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Publication numberUS3105876 A
Publication typeGrant
Publication dateOct 1, 1963
Filing dateMay 9, 1960
Publication numberUS 3105876 A, US 3105876A, US-A-3105876, US3105876 A, US3105876A
InventorsClayton D. Muffin
Export CitationBiBTeX, EndNote, RefMan
External Links: USPTO, USPTO Assignment, Espacenet
Output sxlector
US 3105876 A
Abstract  available in
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Claims  available in
Description  (OCR text may contain errors)

0Cf l, 1963 c. D. MULLIN ETAL 3,105,876

HEARING CHECKING DEVICE United States Patent O 3,105,876 I-EARING CEECKING DEVlCE Clayton D. Mullin, St. Paul, and .lohn F. Rose, Minneapolis, Minn., assignors to Maico Electronics, Inc., Minneapolis, Minn., a corporation of Minnesota Filed May 9, 1960, Ser. No. 27,652 Claims. (Cl. 179-1) This invention relates to apparatus for checking the hearing capabilities of a person.

There are many instances in which it is desirable to make a rapid, but accurate, check of the hearing capabilities of a large number of persons in such a manner as to determine if any individuals have pronounced deciencies in this regard. For instance, it is frequently desirable to make a determination of the hearing capabilities of all the students in a school.

Various types of audiometers have been known in the past, but many of such audiometers are rather diicult to operate and they are usually prescribed for use under cl-osely controlled sound condition, and require that the complicated apparatus be a xed or permanent installation.

With these considerations in mind, it is to the elimination and improvement of these `disadvantages in the prior art to which the present invention is directed, along with the inclusion therein of other novel and desirable features.

An object of our invention is to provide a new and improved device of simple and inexpensive construction and operation for determining hearing capabilities of a person.

Another object of our invention is to provide novel apparatus for readily and easily checking the hearing capabilities of a person at a plurality of frequency and intensity levels.

Still another object of our invention is to provide a new and novel hearing check device which is completely embodied in a single unit which may be held in a persons hand and easily carried from place-to-place to facilitate checking of the hearing capabilities of a large number of persons at a location where such persons congregate or are likely to be found, such as in schools and the like.

A further object of our invention is to provide an improved apparatus for quickly checking the hearing capabilities of a number of persons in rapid succession while still maintaining high standards of sterilization and allowing the apparatus to be adapted for use with ears of various sizes of various persons.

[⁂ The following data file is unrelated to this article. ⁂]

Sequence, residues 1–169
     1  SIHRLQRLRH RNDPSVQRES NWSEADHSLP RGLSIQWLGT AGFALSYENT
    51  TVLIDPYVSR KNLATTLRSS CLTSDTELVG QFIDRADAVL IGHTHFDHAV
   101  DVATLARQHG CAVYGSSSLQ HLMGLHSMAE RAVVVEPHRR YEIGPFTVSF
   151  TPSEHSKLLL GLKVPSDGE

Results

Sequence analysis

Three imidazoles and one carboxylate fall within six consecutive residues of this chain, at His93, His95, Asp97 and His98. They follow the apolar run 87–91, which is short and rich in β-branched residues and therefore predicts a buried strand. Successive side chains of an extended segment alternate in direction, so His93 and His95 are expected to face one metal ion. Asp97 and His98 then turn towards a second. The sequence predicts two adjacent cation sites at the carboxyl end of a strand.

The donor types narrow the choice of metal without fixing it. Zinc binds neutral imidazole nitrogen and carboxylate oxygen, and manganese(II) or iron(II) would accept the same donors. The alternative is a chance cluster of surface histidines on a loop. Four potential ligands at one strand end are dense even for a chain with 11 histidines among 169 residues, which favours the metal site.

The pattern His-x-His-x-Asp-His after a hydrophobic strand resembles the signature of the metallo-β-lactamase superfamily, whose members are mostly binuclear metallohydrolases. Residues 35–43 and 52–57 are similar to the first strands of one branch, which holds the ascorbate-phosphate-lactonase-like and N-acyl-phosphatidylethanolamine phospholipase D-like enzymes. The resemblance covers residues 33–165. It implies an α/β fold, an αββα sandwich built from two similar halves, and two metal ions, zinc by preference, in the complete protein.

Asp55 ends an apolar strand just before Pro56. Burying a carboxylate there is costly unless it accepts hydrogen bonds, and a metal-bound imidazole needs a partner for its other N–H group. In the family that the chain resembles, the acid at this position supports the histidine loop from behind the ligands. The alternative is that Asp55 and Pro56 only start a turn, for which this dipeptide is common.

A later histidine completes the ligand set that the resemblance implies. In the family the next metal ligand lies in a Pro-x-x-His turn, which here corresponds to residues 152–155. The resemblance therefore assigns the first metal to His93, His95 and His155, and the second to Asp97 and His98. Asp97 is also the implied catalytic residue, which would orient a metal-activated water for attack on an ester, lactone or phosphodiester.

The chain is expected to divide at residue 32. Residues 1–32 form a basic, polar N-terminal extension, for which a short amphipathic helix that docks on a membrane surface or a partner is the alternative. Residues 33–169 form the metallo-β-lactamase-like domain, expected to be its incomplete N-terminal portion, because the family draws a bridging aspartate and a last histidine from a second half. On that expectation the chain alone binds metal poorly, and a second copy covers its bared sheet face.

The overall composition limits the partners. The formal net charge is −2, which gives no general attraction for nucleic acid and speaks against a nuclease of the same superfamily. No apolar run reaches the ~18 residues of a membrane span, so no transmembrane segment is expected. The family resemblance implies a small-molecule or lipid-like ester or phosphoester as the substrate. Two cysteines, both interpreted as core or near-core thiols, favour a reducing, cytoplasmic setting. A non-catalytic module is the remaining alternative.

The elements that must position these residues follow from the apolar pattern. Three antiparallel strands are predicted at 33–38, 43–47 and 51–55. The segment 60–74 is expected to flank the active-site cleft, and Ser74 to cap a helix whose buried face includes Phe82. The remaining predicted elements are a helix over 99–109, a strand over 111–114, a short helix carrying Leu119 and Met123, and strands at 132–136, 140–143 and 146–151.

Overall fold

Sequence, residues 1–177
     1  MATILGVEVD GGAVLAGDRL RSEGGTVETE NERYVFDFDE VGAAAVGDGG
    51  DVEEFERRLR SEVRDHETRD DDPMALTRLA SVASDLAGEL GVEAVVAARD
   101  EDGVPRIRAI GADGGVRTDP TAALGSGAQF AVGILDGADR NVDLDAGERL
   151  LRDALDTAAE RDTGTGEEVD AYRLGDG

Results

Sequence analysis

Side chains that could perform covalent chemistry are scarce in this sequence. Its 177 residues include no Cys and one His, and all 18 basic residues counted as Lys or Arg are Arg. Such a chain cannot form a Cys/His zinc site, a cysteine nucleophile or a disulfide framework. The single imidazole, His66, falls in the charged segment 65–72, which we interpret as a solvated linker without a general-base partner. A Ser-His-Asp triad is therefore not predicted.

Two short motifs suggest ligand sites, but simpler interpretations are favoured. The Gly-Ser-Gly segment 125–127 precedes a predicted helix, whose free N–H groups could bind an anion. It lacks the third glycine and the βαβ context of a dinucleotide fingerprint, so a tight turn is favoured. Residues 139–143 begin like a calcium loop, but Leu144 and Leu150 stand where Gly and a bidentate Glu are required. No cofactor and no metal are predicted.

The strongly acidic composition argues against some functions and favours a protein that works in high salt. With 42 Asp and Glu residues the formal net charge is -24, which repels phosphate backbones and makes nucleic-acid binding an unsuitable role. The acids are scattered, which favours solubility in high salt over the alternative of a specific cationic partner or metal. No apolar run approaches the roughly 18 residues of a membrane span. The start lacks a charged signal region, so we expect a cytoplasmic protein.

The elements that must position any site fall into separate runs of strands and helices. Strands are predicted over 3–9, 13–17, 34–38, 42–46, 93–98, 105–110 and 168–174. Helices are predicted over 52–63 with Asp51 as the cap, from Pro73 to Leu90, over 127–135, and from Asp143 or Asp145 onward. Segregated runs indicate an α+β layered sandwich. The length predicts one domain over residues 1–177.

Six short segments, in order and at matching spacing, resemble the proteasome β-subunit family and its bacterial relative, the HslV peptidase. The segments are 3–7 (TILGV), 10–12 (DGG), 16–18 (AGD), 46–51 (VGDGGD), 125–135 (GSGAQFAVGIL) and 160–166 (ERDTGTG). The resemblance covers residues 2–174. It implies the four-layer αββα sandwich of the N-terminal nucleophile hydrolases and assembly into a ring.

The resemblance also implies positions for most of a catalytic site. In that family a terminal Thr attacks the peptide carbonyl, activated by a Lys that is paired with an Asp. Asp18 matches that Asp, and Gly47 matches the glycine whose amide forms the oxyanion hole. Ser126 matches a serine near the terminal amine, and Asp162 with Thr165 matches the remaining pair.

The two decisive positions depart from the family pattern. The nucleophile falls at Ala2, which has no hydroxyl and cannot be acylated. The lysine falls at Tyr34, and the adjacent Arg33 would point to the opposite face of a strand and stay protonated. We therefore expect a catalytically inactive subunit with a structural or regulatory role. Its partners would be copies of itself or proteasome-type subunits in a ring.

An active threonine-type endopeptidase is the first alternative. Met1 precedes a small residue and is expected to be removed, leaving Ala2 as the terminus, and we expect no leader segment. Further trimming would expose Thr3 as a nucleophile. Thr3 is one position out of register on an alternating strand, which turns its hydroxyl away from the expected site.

These and other objects and advantages of our invention will more fully appear from the following description made in connection with the accompanying drawings wherein like reference characters refer to the same parts throughout the several views and in which:

FIG. 1 is a side elevation view of the invention and showing a fragmentary sectional View of -a human ear, the hearing capabilities of which are being checked;

FIG. 2 is a rear elevation view of the device which is shown partly in section for clarity of detail.

FIG. 3 is an enlarged side elevation View of the device which is lshown partly in section for clarity of detail.

FIG. 4 is a section view taken at 4 4 in FIG. 3, and in this view certain elements in the background have been removed for clarity;

FIG. 5 is a section view taken at 5-5 in FIG. 3;

FIG. 6 is a detail elevation View showing the inner side of one of the switching controls;

FlG. 7 is a detail section view of the ear tip detached from the device; and

FIG. 8 is a schematic circuit diagram of the hearing checker.

ice

The hearing checker is indicated in general by numeral 10 and includes a 4housing 11 which encloses the selfcontained circuitry and mechanism to be hereinafter described. Housing 11 includes a tubular and generally cylindrical body or casing 12 which is similar in size and shape to that of a conventional two-cell flash light, so as to be well adapted to be held and carried in a persons hand, a head 13, a removable cap 14 and a battery well 15.

The tubular casing 12 encloses a printed circuit board 16 which extends throughout the length of the casing and is oriented generally on a diameter of the casing 12. The printed circuit board comprises a portion-of the framework of the device 10 for holding the various portions of the housing 11 in assembly.

Head 13, which is formed of rigid material and may be of a moulded plastic construction, is provided with a pair of embedded and ixedly placed depending apertured ears 17 extending into the upper end of the tubular casing 12 and normally carrying, in the apertures thereof, a spring p-in 18 which extends across a diameter of the casing 12 and extends through an aperture 19 in the upper portion of the printed circuit board 16 for releasably holding the head 13 and circuit board in assembly. It should be noted that the pin 19 is readily extractable from the aperture 18 and `from the apertured ears 17, and is normally maintained in the apertured ears by the casing 12.